Depression is such an awful illness, it’s sneaky, and it lies, and it takes people from us all the damned time. Almost all the writers who inspire me write wonderful accounts of their life with depression (Wil Wheaton, Jenny Lawson, and Allie Brosh jump to mind first) which makes me wonder if surviving depression pushes some people to become more compassionate but funny.
As such, I tended to post fairly regularly on social media about depression and mental illness. It’s not shameful and it’s vital to talk openly so people know they aren’t alone. The most helpful resources I’ve found are the wonderful Black Dog YouTube cartoon, the comforting Boggle the Owl (an empowering account to follow, this was the first of their cartoons I saw), and helpful campaigns aimed at giving people practical tools to support friends and family who may be suffering from depression, like the Make It Okay project.
So clearly I was being a Really Good Mental Health Ally! I’m open about mental health! I’m ending the stigma! I’ve found all these good resources to share, both for people living with mental illness, and people living with people who are living with mental illness! Yay me! Do you see what’s missing? I still felt too ashamed to talk about my own experiences with mental illness.
Looking back, I can recognise that my depression started before I knew what depression was, around my early teens. I assumed that depression was something to do with feeling really really sad all the time. I didn’t feel sad all the time, so I clearly didn’t have depression.
This is when I started to wish I had depression.
If I had depression I could get treatment, I could see a professional for talk therapy, maybe take some medication to help balance out the problematic brain chemistry. But I didn’t have depression, I was just an awful person, there’s no treatment for that. I was so disgustingly lazy that I neglected basic personal hygiene and slept so much. I never met deadlines, my homework was never ever on time, I was so forgetful, and seemed to struggle so much with really simple things that everyone else had no problems completing. I was such a useless garbage person, it didn’t seem fair to make other people endure the burden of my presence, I was a monster but not THAT much of a monster, so I kept away from regular humans as much as possible. If only I had depression!
It took two children, occasional flings with antidepressants, and an uncharacteristic level of self awareness, but I came to understand that I did have depression, and my depression is linked to hormones and my menstrual cycle. When the children were still babies (my body reeling from building and expelling two people in an irresponsibly short amount of time, plus chronic sleep deprivation), I had two weeks per month of gradual escalation of despair, utter desolation, and bursts of terrifying rage. Somehow I found the kindness to permit myself to take antidepressants again, and allow myself to keep taking them, though there was still self loathing. I suspected that everyone felt the same way, but they just get on with it. I ought to be better than this, I ought to do better than this.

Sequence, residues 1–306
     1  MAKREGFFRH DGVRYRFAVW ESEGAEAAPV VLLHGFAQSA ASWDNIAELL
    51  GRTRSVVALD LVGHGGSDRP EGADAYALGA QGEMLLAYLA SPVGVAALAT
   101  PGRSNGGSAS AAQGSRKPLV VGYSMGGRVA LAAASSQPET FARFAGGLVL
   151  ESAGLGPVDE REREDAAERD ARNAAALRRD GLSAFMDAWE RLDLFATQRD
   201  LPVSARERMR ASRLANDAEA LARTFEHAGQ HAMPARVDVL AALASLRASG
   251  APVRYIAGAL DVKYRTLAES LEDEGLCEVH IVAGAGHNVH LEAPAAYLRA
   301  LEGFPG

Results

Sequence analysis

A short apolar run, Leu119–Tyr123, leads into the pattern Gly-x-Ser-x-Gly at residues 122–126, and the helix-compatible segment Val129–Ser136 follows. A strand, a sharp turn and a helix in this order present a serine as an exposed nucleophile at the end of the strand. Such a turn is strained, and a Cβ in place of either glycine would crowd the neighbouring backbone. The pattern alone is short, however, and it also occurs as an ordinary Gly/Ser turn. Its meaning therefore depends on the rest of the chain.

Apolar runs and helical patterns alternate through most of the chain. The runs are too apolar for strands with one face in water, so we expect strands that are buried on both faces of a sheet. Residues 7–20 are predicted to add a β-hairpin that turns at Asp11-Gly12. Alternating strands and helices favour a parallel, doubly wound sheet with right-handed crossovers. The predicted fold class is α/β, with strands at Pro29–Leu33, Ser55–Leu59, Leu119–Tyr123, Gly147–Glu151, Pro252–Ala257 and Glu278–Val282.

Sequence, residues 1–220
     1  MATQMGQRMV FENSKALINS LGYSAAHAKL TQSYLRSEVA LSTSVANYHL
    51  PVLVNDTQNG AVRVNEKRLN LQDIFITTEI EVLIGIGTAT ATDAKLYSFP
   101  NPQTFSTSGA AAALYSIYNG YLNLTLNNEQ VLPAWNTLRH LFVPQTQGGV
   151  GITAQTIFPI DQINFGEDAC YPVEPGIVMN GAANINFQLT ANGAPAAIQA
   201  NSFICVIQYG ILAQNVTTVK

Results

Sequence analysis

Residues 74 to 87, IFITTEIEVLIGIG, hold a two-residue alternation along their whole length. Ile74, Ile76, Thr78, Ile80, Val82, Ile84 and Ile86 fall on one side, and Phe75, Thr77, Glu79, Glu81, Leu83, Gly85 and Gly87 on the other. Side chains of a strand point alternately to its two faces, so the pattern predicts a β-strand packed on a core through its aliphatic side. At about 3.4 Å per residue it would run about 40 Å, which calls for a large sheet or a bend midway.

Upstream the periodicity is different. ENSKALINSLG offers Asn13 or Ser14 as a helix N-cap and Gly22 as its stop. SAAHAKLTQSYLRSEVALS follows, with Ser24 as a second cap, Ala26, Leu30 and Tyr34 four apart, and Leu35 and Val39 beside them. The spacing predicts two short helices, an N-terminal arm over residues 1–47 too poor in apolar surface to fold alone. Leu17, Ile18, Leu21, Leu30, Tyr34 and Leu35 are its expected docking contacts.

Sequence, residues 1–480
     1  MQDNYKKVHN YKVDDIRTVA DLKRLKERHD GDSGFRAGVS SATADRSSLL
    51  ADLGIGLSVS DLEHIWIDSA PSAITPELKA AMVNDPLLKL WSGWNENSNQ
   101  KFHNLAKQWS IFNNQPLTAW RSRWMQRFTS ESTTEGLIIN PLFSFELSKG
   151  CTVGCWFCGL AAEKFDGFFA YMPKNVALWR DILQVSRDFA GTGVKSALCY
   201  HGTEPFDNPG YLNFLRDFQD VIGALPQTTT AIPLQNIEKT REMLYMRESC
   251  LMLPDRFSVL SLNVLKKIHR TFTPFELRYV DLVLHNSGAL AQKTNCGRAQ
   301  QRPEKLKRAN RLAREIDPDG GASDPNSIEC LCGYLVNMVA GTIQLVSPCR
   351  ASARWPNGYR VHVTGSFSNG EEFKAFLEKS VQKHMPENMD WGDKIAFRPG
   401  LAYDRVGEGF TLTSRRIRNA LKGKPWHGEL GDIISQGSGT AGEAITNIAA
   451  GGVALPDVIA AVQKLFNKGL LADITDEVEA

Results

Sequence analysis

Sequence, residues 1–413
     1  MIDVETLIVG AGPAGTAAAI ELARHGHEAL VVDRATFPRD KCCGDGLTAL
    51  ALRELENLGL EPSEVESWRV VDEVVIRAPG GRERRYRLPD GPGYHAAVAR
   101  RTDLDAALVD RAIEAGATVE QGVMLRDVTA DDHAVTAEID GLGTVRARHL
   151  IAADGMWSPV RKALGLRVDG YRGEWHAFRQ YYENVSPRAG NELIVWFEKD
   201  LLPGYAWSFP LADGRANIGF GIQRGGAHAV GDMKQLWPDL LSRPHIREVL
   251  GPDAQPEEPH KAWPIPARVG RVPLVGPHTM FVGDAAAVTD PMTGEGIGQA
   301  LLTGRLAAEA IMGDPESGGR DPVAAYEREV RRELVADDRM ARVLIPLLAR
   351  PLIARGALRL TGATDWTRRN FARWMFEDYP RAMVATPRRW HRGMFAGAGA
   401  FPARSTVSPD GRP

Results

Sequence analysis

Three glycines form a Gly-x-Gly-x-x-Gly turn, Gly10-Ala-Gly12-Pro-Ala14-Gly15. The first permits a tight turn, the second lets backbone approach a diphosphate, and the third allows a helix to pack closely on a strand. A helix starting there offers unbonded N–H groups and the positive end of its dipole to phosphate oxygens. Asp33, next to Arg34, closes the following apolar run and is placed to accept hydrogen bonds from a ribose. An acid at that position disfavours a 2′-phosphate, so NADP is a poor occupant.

The happy ending (and to cut short a long exciting story full of dragons, battles, true love, and probably ninjas) is that I made some pretty huge changes in my life, with a lot of help from my wonderful husband. I’m gradually learning that the world doesn’t actually end if I find ways to have my own needs met, and sometimes that actually makes other people’s lives better, and has nothing to do with being a selfish garbage person. With a lot of therapy I came to accept that it’s okay to disappoint people sometimes. My hormones settled to the point that I was able to stop taking antidepressants about 5 years ago. I implemented various coping mechanisms for the few days of my cycle when I was feeling complicated: usually telling my hubs that my period was due so he didn’t worry too much if I got fixated on some tiny thing because I’d convinced myself that if I didn’t stay up until 2am to finish making those cupcakes then there was an unavoidable domino effect which meant that our children could never go to college.
Has it all been sunshine and rainbows ever since? Of course! However mental health is a wonderful and exciting journey, as your body ages and its biochemistry changes there are always new things to learn about your own mental health, and new connections you spot.
Part two of this blog post will be published soon, in which I’ll open up for the first time about being recently diagnosed with generalised anxiety disorder. Am I the only one who had no idea that panic attacks come in many different flavours?